Newspaper article The Evening Standard (London, England)

Geography Is Now a Pamphlet for Greenpeace, History Is about How to Become a Historian. They Call It 'Learnacy'. I Call It Lunacy; Man of Many Initiatives: Schools Secretary Ed Balls Visiting Wentworth Primary School in Dartford Learning Curve: Chris Woodhead Now Chairs Private Education Company Cognita, Which Has Spent [Pounds Sterling]200 Million Buying 46 Schools

Newspaper article The Evening Standard (London, England)

Geography Is Now a Pamphlet for Greenpeace, History Is about How to Become a Historian. They Call It 'Learnacy'. I Call It Lunacy; Man of Many Initiatives: Schools Secretary Ed Balls Visiting Wentworth Primary School in Dartford Learning Curve: Chris Woodhead Now Chairs Private Education Company Cognita, Which Has Spent [Pounds Sterling]200 Million Buying 46 Schools

Article excerpt

Byline: DAVID COHEN

ANOTHER month, another Government initiative to raise standards inschools.

One man who won't be clapping the Secretary of State for Schools on the backtoday is Chris Woodhead, the former Chief Inspector of Schools, perpetual thornin the side of the education establishment and one of the most trenchantcritics of New Labour's record in the classroom.

His crusade is cultural, not just managerial.

So as Ed Balls introduces new plans to turn around our worst-performingsecondary schoolsgiving them six weeks to come up with an "action plan" then closing them afterthree years if they fail to deliver and replacing them with privately runacademies Woodhead is far from satisfied.

"The problem is that the Government has dumbed down the national curriculum,"he says. "Geography has become an ecology pamphlet for Greenpeace but nobodyknows where places are, and history is about learning how to be a historianrather than what actually happened.

They call it "learnacy"learning how to learn. I call it lunacy." New Labour would reply that it isfinally applying strong medicine to failing schoolsforcing them to become academies if they cannot turn themselves around.Woodhead, however, does not believe academiesnow the favoured solution for both Labour and the Toriesare the answer to underperforming state schools.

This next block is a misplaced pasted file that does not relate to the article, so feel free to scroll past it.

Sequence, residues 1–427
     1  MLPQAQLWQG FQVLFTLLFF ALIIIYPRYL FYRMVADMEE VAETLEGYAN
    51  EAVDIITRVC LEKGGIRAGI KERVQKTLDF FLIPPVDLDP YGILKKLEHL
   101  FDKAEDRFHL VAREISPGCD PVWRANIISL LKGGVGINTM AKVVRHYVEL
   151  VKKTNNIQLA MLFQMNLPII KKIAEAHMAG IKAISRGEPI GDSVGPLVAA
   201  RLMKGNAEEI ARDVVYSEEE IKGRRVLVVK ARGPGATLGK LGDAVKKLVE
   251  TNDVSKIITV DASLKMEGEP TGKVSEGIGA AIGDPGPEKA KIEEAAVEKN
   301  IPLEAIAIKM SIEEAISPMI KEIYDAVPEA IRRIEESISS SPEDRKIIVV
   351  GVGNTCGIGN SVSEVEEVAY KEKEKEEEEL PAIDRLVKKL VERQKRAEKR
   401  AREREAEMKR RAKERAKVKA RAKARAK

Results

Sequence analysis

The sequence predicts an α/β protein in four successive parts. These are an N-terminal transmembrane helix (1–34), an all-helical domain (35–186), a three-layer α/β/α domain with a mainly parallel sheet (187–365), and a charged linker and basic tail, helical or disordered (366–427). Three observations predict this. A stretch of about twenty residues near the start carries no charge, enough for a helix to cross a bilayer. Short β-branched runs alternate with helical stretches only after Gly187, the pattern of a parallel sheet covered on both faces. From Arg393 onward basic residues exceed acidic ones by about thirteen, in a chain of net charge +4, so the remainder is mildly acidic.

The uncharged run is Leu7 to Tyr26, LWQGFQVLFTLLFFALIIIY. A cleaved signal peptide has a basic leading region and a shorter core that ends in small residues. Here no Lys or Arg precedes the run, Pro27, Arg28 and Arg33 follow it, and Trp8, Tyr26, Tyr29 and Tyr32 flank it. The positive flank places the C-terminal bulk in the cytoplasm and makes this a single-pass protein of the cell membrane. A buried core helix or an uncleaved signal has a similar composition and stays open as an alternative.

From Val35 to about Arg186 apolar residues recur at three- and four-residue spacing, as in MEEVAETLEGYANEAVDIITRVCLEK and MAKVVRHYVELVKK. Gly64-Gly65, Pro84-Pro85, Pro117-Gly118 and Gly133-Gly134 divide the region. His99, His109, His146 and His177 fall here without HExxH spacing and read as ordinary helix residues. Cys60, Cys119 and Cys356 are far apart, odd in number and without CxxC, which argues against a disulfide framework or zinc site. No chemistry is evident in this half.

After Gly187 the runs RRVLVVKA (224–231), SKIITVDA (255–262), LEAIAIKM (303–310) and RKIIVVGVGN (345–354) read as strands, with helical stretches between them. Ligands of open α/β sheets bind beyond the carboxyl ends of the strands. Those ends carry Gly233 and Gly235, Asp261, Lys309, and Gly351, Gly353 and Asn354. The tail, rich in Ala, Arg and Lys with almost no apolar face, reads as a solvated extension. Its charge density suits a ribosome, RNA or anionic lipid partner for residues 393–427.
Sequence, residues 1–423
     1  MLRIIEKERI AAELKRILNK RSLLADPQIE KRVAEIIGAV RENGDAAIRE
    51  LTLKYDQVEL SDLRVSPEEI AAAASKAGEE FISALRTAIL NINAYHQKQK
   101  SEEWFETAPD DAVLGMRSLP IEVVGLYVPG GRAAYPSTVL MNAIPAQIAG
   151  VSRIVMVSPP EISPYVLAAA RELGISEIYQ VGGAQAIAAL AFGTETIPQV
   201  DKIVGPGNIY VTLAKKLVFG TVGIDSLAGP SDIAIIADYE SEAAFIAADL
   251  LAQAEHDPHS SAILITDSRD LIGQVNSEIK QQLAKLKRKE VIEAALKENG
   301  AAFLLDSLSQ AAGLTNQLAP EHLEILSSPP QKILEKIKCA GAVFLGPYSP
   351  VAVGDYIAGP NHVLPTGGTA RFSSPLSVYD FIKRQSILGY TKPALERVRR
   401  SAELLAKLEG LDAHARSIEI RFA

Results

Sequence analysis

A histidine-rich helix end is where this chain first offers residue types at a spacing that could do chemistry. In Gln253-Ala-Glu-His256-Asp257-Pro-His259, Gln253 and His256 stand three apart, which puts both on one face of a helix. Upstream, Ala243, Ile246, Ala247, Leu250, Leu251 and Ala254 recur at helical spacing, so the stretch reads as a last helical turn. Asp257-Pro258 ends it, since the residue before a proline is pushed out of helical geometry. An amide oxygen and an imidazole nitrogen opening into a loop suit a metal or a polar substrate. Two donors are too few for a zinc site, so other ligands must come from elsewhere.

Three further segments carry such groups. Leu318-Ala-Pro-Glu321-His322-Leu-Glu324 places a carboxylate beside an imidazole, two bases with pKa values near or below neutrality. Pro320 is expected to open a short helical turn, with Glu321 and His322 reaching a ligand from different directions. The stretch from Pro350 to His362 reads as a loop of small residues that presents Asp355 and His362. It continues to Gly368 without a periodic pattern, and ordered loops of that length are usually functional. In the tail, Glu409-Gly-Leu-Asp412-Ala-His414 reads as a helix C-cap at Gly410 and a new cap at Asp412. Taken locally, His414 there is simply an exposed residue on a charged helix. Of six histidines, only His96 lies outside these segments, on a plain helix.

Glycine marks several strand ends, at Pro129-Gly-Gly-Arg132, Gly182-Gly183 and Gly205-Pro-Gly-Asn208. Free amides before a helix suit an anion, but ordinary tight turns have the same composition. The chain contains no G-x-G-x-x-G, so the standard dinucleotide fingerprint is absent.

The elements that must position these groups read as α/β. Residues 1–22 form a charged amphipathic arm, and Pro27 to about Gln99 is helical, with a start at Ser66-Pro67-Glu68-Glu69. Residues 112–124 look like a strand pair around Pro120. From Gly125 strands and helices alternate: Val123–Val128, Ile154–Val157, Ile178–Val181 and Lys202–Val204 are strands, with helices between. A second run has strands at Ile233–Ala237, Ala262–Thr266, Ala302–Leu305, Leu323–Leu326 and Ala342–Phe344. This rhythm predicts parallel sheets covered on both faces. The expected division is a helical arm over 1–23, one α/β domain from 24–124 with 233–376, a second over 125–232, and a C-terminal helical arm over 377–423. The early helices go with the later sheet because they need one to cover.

"Billions have been wasted on the academies programme. Asking Norman Foster todesign a building will not make it a good school. I'd have preferred to investthe money in teacher training and spread our investment over a wider group ofinner-city schools. The problem is that the Government gives failing schoolsmore money when it should be rewarding success." Woodhead long ago becamedisillusioned with Tony Blairand he hasn't changed his mind about his successors.

He says Gordon Brown and Ed Balls have been disappointing. "They are too afraidto abandon the Blair legacy, even though the rumour from Whitehall is that theydon't believe academies work." State schools have, he says bluntly,"comprehensively failed children in 21st-century Britain".

As head of the education watchdog Ofsted in the Nineties, Woodhead railedagainst progressive teaching and its emphasis on "self-discovery" instead oftraditional front-of-class teaching. He announced that 15,000 teachers wereincompetent and instantly became loathed by the National Union of Teachers.

He received hate mail and opened envelopes to find razor blades within.

Eight years on from Ofsted, Woodhead, 62, now puts his money where his mouthis. Cognita, the company he chairs, backed by private equity firm Englefield,has spent [pounds sterling]200 million buying private schools which it runs like businesses.The company has 46 schools, 21 in London, and has become the biggest for-profitprovider of independent schools in Europe.

Woodhead, who grew up in Croydon, the son of a lollipop lady and the first inhis family to go to university, has built his empire in just four years on thepremise that "middle-class parents will pay for something better".

Cognita schools are not Westminsters or St Paul's but mid-ranking,non-academically selective schools. They may lack state-of-the-art theatres andsports facilities but average annual fees of [pounds sterling]8,500 are a third those of mosttop London private schools and they are likely to get your child into one ofthe Russell Group of leading universities.

But did he voluntarily resign from Ofsted in 2000 or was heas word has itpushed? "David Blunkett was quite clear he wanted me to stay but I could nolonger stand on a public platform and support Tony Blair," he says, meeting meat the Hampstead site of the South Bank International School, one of his 2007acquisitions. "What they were doing was a profligate waste of public money. Inthe past 10 years Labour has spent [pounds sterling]1 billion to stop kids bunking off buttruancy today is worse than ever. …

Search by... Author
Show... All Results Primary Sources Peer-reviewed

Oops!

An unknown error has occurred. Please click the button below to reload the page. If the problem persists, please try again in a little while.